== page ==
A deal to freeze oil output by OPEC and non-OPEC producers fell apart on April 17th after Saudi Arabia demanded that Iran join in despite calls on Riyadh to save the agreement and help prop up crude prices, Reuters reported.
Some 18 oil nations, including non-OPEC Russia, gathered in the Qatari capital of Doha for what was expected to be the rubber-stamping of a deal to stabilize output at January levels until October 2016.
The development will revive oil industry fears that major producers are embarking again on a battle for market share, especially after Riyadh threatened to raise output steeply if no freeze deal were reached.
Iran has been pledging to ramp up production in the post-sanctions period, making a compromise with Riyadh almost impossible as the two fight proxy wars in Yemen and Syria.
After five hours of fierce debate between Saudi Arabia and Russia, delegates and ministers announced no deal had been reached. Russian Oil Minister, Alexander Novak, called the Saudi demand “unreasonable” and added that Moscow would not restrain output for now.
“We concluded we all need time to consult further,” Qatar’s Energy Minister, Mohammed al-Sada, said. Several OPEC sources said if Iran agreed to join the freeze at the next OPEC meeting on June 2nd, talks with non-OPEC producers could resume.
The failure likely means that oil prices will drop again, wrote AP citing analysts. “Prices will trade lower. Maybe sharply lower,” said Robert Yawger, Director of Energy Futures at Mizuho Securities USA. He also noted that other factors were negatively impacting prices: US crude oil storage remaining at all-time highs, Iran increasing production, and Libya looming on the horizon to boost output.
Economists at the French bank, Société Générale, were quoted by The Guardian as saying: “When it comes to oil, the principle of Goldilocks applies in full. Too low a price raises fear of a vicious circle of default, spillover to bank balance sheets, eroding financial conditions and a new headwind for the real economy.” They noted that a recent report by the International Energy Agency warned that a mere production freeze would have a limited effect on physical oil supply.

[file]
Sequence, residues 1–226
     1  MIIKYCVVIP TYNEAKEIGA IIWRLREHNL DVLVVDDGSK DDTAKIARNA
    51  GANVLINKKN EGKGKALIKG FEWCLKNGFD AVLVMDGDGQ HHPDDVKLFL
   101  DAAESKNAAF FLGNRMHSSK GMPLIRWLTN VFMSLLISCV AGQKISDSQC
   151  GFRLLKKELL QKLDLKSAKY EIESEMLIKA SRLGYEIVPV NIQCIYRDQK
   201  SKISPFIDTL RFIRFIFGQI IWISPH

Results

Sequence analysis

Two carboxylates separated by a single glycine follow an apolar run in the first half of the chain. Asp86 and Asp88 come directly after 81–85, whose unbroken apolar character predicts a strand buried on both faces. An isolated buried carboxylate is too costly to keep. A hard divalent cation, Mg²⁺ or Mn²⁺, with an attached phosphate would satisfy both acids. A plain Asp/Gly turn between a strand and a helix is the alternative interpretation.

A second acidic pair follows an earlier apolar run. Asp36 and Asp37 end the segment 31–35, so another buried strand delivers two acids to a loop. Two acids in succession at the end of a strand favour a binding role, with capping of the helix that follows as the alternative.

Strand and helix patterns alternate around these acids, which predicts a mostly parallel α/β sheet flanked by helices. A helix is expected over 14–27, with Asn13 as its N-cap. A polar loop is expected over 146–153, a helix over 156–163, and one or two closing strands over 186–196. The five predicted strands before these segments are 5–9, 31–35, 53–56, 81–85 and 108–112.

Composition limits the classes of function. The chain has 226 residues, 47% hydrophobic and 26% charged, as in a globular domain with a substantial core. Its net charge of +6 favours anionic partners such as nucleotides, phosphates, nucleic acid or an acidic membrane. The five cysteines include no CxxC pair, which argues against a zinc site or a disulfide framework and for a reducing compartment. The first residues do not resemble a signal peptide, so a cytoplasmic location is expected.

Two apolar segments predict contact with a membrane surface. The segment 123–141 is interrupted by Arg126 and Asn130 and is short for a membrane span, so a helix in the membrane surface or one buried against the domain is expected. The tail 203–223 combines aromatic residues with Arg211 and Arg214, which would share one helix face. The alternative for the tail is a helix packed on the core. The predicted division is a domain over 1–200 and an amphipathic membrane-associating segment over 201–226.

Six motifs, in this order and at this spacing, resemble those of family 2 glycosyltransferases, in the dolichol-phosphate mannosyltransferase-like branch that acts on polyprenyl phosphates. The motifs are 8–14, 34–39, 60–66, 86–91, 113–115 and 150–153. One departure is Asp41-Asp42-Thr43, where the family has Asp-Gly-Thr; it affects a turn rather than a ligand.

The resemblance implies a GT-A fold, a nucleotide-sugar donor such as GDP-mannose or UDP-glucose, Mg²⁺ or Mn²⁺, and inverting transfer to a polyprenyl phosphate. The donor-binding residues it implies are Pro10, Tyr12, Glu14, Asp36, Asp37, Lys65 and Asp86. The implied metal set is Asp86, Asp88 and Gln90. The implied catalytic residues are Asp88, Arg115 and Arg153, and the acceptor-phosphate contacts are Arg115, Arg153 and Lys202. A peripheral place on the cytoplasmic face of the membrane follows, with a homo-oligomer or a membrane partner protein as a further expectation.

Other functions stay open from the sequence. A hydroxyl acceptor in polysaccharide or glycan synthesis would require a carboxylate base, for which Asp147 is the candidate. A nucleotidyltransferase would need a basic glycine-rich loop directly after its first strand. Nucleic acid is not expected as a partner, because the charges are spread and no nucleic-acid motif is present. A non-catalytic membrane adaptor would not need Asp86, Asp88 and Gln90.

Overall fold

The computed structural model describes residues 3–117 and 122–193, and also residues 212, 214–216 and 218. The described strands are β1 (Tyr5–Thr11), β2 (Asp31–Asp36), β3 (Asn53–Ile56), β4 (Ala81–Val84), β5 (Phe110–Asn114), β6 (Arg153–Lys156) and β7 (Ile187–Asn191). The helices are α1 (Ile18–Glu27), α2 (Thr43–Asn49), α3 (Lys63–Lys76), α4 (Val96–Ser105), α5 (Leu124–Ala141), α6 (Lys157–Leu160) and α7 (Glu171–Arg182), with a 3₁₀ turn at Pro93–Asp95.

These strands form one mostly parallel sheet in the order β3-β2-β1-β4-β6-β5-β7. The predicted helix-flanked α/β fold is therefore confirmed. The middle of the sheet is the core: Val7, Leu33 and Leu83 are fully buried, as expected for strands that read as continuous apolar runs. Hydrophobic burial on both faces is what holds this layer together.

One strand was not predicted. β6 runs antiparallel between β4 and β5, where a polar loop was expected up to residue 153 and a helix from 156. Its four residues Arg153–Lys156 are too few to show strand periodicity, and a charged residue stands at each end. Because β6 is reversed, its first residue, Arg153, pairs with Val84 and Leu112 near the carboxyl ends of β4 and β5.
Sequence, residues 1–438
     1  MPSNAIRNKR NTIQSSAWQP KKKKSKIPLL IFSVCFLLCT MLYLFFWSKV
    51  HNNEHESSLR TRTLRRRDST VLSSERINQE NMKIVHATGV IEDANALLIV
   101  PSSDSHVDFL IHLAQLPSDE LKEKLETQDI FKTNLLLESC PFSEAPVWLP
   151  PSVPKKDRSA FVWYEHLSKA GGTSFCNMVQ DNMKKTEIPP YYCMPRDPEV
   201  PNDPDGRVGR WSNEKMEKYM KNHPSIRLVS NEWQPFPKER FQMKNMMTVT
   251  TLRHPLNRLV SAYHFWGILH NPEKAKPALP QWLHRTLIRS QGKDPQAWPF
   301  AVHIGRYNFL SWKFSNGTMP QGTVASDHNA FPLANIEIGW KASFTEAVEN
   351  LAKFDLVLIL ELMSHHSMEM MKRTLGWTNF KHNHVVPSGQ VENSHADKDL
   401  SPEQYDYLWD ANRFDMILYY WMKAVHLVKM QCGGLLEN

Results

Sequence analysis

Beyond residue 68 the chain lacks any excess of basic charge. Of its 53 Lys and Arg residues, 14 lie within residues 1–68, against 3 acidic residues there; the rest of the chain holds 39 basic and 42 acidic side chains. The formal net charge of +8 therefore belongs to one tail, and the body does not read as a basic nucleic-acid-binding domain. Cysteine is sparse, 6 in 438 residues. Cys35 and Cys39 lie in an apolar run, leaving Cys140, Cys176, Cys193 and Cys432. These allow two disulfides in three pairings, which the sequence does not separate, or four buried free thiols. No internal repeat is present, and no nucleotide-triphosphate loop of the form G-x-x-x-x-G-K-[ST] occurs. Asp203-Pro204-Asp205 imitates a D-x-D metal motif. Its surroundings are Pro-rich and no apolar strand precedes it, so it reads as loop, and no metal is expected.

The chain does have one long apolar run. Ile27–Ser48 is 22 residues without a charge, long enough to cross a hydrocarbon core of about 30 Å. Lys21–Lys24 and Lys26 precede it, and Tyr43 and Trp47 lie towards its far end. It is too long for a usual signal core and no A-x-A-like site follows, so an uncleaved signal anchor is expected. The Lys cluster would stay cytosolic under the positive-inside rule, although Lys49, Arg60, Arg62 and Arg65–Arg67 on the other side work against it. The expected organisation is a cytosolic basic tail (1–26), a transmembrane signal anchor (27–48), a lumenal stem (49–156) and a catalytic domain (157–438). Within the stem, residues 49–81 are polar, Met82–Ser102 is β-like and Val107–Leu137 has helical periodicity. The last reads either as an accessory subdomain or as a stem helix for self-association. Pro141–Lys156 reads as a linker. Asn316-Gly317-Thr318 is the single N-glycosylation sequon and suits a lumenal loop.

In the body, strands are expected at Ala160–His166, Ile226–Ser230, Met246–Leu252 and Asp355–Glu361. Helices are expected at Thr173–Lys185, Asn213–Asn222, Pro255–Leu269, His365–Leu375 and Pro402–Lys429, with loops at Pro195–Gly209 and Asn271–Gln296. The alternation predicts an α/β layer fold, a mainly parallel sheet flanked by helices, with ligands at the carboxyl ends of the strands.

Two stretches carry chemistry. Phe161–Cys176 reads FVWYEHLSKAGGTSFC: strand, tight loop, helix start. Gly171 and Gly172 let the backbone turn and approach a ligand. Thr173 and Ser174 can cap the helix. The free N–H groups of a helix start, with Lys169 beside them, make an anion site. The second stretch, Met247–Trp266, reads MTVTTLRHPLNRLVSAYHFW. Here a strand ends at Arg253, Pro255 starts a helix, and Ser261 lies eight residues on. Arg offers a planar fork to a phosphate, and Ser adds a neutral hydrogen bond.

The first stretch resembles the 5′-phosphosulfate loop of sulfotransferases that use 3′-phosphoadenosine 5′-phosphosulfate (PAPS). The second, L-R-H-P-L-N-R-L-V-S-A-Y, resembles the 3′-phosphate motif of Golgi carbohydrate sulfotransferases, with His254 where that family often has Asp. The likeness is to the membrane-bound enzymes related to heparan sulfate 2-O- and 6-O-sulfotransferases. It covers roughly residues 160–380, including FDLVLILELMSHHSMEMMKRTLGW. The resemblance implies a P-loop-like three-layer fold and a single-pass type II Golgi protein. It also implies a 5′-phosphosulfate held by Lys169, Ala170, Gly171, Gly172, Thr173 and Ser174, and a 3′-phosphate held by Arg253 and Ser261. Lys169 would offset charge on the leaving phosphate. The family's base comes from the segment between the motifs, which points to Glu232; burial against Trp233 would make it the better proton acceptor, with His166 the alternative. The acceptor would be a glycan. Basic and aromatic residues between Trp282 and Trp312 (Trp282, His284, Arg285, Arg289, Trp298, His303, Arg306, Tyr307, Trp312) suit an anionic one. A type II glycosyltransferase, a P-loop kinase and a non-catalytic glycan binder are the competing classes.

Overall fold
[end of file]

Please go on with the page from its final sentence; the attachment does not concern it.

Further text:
The Financial Post quoted an expert saying: “Given the expectations ahead of Doha, the failure to reach a freeze agreement is likely to cause an oil market selloff,” said Jason Bordoff, Director of the Center on Global Energy Policy at Columbia University. “The fact that Saudi Arabia seems to have blocked the deal is an indicator of how much its oil policy is being driven by the ongoing geopolitical conflict with Iran.”
Oil prices rose by 5% in the week ahead of the meeting in anticipation of some action to freeze production. Brent crude oil is currently trading at $43.10 per barrel, up from a low of $29 in January but still well below the price of $110 which was typical in the first half of 2014.
The Telegraph added that demand for oil shows no sign of perking up, meaning the oil producers are not likely to be bailed out by enthusiastic customers. In addition, the market is growing more slowly in 2016 than in recent years, meaning spare capacity will not be used up quickly. Analysts at the International Energy Agency estimated that by the end of 2016 oil demand will have grown by 1.2mb/d, which is one-third slower than the growth of 1.8m per day week in 2015.